No-Risk Picnics

Use these simple safety tips when you pack your picnic basket or cooler to avoid the risk of food-borne illness.

'Tis the season for picnics and cookouts, and also the season for increased risk of food poisoning. Before you pack your picnic basket or cooler, remember these simple food safety tips.

How to Pack a Cooler
To keep cold food safe, it needs to be kept colder than 40°F to prevent bacteria from growing. Here's how to make sure your foods stay at the proper temperature.
•Take only the amount of food you think you'll use.
•Make sure that all of the food is cold when you put it in the cooler. If you have any frozen items, put them in the cooler frozen and they'll help keep the other foods cold.
•Reserve the bottom of the cooler for colder foods.
• Keep cooked and raw foods in separate containers, and place ground beef and others meats separately in zip-top plastic bags.
•Pack the food snugly in a well-insulated cooler with a secure lid. Fill the cooler with ice, or use ice packs and frozen bottles of water. Do this just before leaving the house, and don't open it until you're ready to serve the food.
•Keep cold drinks in a separate cooler because the cooler with drinks will be opened and closed frequently.
•If possible, transport the cooler in the air-conditioned car instead of in a hot trunk.

Safe Serve
•Keep hot food hot. Food needs to be at 140°F or hotter to prevent the growth of harmful bacteria. Take-out foods or foods cooked just before being transported to the picnic can be carried hot. Wrap hot food in towels, then newspaper, and place inside a box or heavy paper bag. Keep these foods warm on a lit grill or use within one hour.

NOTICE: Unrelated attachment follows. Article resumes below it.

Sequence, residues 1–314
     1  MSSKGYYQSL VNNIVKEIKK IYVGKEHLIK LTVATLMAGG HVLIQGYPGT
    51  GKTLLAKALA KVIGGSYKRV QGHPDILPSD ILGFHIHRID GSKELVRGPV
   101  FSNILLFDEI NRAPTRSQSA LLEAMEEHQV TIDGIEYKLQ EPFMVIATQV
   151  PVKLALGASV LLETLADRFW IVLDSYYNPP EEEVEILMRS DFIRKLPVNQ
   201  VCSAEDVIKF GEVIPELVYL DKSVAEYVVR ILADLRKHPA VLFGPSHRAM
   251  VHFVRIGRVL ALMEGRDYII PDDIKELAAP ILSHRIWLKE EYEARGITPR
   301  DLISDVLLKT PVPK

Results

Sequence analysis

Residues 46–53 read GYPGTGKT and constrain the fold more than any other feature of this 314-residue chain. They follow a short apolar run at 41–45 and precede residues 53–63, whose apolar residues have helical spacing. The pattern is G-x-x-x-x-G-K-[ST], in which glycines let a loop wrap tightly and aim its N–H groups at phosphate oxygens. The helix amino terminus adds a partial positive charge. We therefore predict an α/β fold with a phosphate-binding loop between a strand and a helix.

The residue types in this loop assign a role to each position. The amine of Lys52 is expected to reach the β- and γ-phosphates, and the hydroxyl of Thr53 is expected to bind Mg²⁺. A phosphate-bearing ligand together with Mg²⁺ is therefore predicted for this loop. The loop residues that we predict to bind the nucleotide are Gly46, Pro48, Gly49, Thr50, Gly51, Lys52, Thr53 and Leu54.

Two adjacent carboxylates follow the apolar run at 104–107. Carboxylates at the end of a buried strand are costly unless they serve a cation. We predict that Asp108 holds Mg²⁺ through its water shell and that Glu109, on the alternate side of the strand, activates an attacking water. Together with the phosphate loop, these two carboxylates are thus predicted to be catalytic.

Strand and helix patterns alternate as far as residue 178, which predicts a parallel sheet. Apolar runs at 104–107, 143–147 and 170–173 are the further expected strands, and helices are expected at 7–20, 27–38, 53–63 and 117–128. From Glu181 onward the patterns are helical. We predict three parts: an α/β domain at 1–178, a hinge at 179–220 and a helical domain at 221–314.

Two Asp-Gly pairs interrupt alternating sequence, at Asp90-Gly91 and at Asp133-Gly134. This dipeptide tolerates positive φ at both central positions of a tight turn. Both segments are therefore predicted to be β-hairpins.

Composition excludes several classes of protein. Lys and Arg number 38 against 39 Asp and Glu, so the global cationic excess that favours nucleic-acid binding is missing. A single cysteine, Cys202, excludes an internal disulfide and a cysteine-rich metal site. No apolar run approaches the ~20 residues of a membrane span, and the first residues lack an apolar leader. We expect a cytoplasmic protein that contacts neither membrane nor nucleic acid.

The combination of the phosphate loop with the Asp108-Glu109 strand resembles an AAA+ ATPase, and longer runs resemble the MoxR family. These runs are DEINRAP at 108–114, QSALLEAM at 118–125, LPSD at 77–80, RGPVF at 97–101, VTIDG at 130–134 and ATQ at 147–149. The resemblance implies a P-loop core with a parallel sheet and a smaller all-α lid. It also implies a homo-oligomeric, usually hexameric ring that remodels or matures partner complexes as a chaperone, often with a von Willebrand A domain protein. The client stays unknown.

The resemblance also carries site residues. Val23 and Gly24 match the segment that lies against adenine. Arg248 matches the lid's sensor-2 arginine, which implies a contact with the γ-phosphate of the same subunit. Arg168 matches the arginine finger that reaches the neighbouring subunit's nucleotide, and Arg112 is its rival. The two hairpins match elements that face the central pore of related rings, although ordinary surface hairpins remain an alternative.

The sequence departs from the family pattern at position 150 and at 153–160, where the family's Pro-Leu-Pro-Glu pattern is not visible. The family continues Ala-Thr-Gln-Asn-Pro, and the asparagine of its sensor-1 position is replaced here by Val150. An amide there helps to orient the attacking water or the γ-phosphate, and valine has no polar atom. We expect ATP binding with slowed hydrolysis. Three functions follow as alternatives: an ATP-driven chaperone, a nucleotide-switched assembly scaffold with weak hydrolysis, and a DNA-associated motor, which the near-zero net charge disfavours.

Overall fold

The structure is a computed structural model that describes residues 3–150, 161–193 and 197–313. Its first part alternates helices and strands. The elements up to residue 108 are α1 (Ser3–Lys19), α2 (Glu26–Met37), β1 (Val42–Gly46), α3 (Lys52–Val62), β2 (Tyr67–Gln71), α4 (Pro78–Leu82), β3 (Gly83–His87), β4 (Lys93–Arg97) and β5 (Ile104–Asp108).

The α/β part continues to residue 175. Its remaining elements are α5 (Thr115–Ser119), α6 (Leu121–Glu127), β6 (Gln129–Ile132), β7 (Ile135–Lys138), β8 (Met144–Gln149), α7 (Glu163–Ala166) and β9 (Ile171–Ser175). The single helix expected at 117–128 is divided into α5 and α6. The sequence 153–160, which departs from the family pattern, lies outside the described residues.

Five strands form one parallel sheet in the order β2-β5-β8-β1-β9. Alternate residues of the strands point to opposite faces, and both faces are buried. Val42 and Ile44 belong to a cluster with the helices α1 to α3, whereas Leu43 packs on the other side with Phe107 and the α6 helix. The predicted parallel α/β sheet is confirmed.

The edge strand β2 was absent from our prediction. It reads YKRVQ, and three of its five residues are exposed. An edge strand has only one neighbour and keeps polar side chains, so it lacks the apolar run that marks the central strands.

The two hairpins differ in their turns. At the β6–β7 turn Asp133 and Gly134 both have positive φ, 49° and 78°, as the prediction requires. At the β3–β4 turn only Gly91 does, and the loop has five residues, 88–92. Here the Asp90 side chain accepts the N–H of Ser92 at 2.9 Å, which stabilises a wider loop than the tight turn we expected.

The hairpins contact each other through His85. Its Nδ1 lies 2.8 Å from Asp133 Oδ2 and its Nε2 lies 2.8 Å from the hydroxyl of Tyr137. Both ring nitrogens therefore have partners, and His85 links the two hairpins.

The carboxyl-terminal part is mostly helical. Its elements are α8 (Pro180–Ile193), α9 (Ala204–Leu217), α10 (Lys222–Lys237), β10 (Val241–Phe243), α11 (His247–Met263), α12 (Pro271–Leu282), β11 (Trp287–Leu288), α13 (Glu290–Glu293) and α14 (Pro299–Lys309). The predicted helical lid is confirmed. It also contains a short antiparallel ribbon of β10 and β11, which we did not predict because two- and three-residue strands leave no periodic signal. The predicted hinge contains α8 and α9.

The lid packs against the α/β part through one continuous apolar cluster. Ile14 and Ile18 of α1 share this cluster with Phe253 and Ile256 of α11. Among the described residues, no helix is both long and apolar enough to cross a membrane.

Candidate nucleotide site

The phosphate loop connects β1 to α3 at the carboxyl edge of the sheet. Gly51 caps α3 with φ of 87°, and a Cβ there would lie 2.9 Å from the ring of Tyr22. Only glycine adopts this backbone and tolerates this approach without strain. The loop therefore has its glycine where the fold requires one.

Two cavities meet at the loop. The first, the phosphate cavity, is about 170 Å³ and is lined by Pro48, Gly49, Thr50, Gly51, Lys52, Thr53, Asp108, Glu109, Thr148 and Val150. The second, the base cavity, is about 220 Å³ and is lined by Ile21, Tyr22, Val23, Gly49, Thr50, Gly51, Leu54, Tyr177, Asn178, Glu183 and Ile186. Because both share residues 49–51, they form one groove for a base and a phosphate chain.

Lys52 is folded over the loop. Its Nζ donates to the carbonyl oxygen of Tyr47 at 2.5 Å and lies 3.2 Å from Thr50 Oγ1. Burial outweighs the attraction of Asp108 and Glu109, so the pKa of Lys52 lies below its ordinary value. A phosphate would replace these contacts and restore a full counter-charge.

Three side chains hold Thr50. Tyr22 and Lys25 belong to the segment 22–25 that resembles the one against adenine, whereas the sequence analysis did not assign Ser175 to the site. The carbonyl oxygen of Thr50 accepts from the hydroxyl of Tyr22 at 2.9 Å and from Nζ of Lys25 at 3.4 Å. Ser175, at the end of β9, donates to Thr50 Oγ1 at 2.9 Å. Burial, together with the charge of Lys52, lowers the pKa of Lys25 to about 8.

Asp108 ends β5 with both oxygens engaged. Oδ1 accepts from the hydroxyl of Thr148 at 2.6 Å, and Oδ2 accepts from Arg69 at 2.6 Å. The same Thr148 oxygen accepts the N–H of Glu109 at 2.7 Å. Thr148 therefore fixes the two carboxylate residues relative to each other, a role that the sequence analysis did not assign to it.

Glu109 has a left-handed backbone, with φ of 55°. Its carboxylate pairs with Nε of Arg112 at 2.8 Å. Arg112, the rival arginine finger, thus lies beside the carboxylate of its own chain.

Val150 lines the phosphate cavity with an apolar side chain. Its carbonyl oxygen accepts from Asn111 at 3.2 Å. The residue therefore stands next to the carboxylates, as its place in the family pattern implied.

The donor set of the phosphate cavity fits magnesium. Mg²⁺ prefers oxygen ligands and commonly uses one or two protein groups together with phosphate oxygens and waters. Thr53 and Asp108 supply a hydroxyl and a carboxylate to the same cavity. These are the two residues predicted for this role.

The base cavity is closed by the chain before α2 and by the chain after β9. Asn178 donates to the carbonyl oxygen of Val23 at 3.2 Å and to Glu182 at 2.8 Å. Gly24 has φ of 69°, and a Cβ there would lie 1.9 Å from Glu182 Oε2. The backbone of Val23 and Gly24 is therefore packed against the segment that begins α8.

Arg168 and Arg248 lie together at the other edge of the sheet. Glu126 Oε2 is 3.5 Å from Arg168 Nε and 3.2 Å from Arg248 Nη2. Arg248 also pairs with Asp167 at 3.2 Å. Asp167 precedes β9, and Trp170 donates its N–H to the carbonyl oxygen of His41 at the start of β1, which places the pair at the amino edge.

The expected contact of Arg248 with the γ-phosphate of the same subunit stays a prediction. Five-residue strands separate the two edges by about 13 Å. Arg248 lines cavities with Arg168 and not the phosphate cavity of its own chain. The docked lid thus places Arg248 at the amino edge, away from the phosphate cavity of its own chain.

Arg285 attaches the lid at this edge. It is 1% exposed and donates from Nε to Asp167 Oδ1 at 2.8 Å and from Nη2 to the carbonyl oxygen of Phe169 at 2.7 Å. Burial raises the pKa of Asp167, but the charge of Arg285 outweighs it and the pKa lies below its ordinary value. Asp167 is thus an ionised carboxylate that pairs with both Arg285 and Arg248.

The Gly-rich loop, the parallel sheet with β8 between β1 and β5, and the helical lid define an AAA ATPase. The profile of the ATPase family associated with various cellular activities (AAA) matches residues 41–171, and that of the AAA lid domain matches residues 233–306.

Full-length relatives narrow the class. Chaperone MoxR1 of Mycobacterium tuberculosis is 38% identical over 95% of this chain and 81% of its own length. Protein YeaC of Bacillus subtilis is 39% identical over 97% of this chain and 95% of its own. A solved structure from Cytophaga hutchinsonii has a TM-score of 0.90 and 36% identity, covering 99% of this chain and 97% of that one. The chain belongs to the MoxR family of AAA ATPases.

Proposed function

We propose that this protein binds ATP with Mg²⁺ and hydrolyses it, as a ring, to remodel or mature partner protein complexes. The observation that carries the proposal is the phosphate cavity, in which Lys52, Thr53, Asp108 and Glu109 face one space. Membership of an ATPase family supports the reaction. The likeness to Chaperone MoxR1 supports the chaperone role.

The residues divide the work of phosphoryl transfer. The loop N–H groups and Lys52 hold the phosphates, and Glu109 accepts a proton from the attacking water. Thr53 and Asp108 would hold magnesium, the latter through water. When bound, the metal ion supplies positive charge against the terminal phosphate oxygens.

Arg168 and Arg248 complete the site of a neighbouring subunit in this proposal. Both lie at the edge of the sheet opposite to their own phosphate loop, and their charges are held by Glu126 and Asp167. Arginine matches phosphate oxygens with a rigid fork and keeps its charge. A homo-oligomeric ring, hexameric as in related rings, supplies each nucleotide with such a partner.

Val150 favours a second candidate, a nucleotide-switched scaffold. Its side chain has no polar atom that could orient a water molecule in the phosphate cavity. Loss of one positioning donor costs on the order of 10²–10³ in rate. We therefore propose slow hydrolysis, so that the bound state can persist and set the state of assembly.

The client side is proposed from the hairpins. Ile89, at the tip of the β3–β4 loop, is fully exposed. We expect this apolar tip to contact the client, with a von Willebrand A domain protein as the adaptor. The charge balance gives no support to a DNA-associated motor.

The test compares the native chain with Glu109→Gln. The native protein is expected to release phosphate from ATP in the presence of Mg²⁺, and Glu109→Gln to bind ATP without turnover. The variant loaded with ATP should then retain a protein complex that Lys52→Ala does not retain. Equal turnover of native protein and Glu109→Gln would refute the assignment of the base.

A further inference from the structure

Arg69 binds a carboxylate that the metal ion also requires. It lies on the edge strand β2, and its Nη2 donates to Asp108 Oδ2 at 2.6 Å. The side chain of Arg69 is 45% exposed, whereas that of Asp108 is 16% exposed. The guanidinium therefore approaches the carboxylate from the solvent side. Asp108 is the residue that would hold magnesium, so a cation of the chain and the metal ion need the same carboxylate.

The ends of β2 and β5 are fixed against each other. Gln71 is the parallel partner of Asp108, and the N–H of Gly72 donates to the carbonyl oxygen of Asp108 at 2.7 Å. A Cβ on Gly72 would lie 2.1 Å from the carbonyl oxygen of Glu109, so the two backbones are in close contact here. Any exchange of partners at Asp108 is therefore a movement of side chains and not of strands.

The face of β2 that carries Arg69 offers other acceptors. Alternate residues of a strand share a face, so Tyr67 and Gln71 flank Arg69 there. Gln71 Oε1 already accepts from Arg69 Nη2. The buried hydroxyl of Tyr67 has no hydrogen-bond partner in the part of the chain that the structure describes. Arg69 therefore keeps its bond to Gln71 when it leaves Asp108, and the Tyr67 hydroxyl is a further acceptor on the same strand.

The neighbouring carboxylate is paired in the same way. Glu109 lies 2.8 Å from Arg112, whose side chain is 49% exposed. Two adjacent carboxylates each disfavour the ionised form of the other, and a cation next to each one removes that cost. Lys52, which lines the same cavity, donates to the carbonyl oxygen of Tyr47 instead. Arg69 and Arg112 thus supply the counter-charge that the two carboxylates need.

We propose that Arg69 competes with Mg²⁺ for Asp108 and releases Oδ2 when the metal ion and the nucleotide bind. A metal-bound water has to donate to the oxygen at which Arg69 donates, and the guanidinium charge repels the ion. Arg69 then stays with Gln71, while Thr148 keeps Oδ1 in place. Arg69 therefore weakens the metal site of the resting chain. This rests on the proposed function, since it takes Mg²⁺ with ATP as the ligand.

•Eat take-out foods such as fried chicken or barbecued beef within two hours of pick-up or buy ahead of time and chill before packing the foods into the cooler.
•Keep foods covered to prevent contamination by insects. Many insects can carry harmful bacteria and viruses on their bodies.
•Follow the 2-hour rule: don't leave perishable food unrefrigerated for more than two hours.

Keep it Clean
•Find out if there's a source of safe drinking water at your destination. If not, bring water for preparation and cleaning; or pack clean, wet, disposable cloths or moist towelettes and paper towels for cleaning hands and surfaces.
•Wash your hands before and after handling food, and don't use the same platter and utensils for raw and cooked meat and poultry.

Handling Leftovers
•Put perishable foods back in the cooler or refrigerator as soon as you finish eating. Don't leave them out while you go for a swim or a hike, and don't leave them out all afternoon to nibble on.
•Because most picnic leftovers have been sitting out for more than an hour and have had many people handling them, throw them out.
•Cold foods kept in a cooler that still has ice may be safe. If the ice is melted, throw out the food. Cold water cannot keep foods cold enough to be safe.

Compiled and Edited by Anne Cain, R.D., Senior Food Editor, MyRecipes.com

April 2008